Language Selection

English French German Italian Portuguese Spanish

Linux

NVIDIA's GeForce GTX 750 Is A Great $120 Linux Graphics Card

Filed under
Graphics/Benchmarks
Linux
Hardware

The NVIDIA GeForce GTX 750 is a great value graphics card for $120 that delivers great mid-range performance while its performance-per-Watt is exceptional. If you don't mind using binary graphics drivers, the GTX 750 based upon NVIDIA's new Maxwell architecture with the GM107 is worth checking out.

Read more ►

Manjaro 0.8.9 Released – A Ultimate Linux OS with Windows Feel, Review and Installation Guide

Filed under
GNU
Linux

Manjaro Gnu/Linux is a Unix Like Operating System which is Arch Linux Based. This desktop oriented Distribution has desktop environment Xfce by default and any other desktop environment can be installed and configured later.

Read more ►

Linux rules the universe by behaving exactly how the user wants

Filed under
Linux

Although the Head Up Display (HUD) will remain the default, Canonical will be bringing back the local menus as an option. Jack Wallen responds to this announcement.

Read more ►

Ubuntu OS Running Smoothly on Google Nexus 4: Hands-on

Filed under
Android
Linux
Google
Ubuntu

Canonical just announced that the first two Ubuntu phones will be coming this year thanks to Meizu and bq. Though these phones won't be available until later this year, the company was on hand at MWC to show off its operating system and give folks a chance to get to grips with the software that will ship on upcoming hardware from its partners. We stopped by Canonical to check it out for ourselves.

Read more ►

Steam Hardware Survey Changes, Now Split Per-Platform

Filed under
GNU
Linux
Gaming

So, to look back on January Linux was actually on 1.34%, not 1.11%!

Read more ►

Ubuntu Wallpapers, Fedora 20 Tour, and Linux Rules!

Filed under
Linux
Ubuntu

What started out as quite the slow news day turned out to be deceptively interesting. OMG!Ubuntu! has picked out five of the best community submissions for Ubuntu 14.04 wallpapers and Chema Martin posted a "visual tour" of Fedora 20. Bruce Byfield looks at why proprietary software isn't ported to Linux. Jack Wallen says Linux rules because it behaves "exactly how the user wants." Tonight's news also includes an announcement from the Free Software Foundation, Red Hat world's records, and the games to look forward to in 2014!

Read more ►

Linux Video of the Week: Hands-On with the $25 Firefox Phone

Filed under
Linux
Moz/FF

Mozilla has designed a phone that's even more affordable for emerging markets and thus redefines the entry level for smartphones. Mozilla engineers were able to accomplish this by adjusting the hardware requirements of the operating system to run on a 1 GHz CPU, single core Spreadtrum chipset with only 128 MB of RAM. That's only 25 to 50 percent of the RAM found in existing entry-level devices on the market, said Joe Cheng, product manager at Mozilla in this video demonstration of the prototype phone, below.

Read more ►

Arduino-compatible open SBC taps Cortex-A5 SoC

Filed under
Linux
Hardware

Newark Element14′s $79, Linux-ready “SAMA5D3 Xplained” SBC showcases Atmel’s SAMA5D3 processor, with features like dual LAN ports and Arduino compatibility.

Read more ►

Putting Tizen in Context

Filed under
Linux
Gadgets

From the very start, Tizen has had the concept of device profiles, where there's a common set of core software components (kernel, coreutils, networking stack, etc.) that are applicable to every type of device, and there are specializations specific to whatever it is you're using. Take your hand and open it flat. Ok? Good. Your palm is the core software stack, and your fingers are the device-specific profiles - handset, IVI, TV, etc. Chances are good that many elements of the core stack will be the same, and in all cases you want to optimize for lower power consumption and better performance, but what a smartphone presents to the user is generally quite different from an IVI system, or a wearable device, or a camera, or a TV, or a refrigerator, or... I'm sure you get the point. One size doesn't fit all, but you certainly can be smart about not reinventing the wheel for each product class.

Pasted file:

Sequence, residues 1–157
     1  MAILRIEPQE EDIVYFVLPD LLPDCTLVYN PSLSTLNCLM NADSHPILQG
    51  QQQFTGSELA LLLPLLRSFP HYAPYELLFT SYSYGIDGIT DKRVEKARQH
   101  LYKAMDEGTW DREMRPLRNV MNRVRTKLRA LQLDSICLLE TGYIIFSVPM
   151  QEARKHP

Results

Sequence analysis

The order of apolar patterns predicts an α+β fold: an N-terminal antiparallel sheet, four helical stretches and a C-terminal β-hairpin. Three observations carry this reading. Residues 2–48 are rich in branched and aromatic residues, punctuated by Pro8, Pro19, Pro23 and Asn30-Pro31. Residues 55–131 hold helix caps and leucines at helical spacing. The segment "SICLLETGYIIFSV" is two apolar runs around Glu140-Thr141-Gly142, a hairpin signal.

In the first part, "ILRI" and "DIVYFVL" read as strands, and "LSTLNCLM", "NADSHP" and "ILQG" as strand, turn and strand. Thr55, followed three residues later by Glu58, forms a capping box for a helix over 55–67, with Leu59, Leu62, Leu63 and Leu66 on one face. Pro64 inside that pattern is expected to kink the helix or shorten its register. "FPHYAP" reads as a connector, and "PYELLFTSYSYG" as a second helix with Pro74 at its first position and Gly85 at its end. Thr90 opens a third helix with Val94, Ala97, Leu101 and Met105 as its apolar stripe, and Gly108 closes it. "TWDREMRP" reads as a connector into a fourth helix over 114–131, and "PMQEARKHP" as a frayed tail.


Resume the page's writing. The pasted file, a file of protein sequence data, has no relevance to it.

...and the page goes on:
Read more ►

Linux Gamers Have More Choices Than Ever

Filed under
Linux
Gaming

After a number of years of remaining woefully behind other platforms, Linux is starting to be a gaming platform to take seriously. Late last year, I covered comments from Lars Gustavsson, a creative director for EA Digital Illusions CE (DICE), the Electronic Arts studio that does the Battlefield series, on the topic of Linux games. He had told Polygon that DICE would love to delve into Linux games, and that what Linux really needs is a "killer game." Now, as 2014 is underway, Linux gamers actually have a lot of good choices.

Read more ►

Syndicate content

More in Tux Machines

Android Leftovers

The Licensing and Compliance Lab interviews AJ Jordon of gplenforced.org

So basically Bradley Kuhn gave a talk at FOSDEM '17 about GPL enforcement and I was like, wow, it sucks how many companies and people think that enforcing the GPL is a bad idea. I mean, if you disagree with copyleft that's fine (though I personally would argue with that position), but then you should use a suitable license. Like MIT. The very idea that we shouldn't enforce the GPL just doesn't make sense to me because it suggests that the text of the license is watery and unimportant. I don't know about you, but when I say I want my programs to respect users' freedom, I mean it. So GPL enforcement is important. It seemed to me that there are probably a lot of developers out there who want to support GPL enforcement but don't have a good way to voice that support. gplenforced.org is essentially a quick and dirty hack I wrote to make that dead-simple. Read more

Red Hat General and Financial News

today's howtos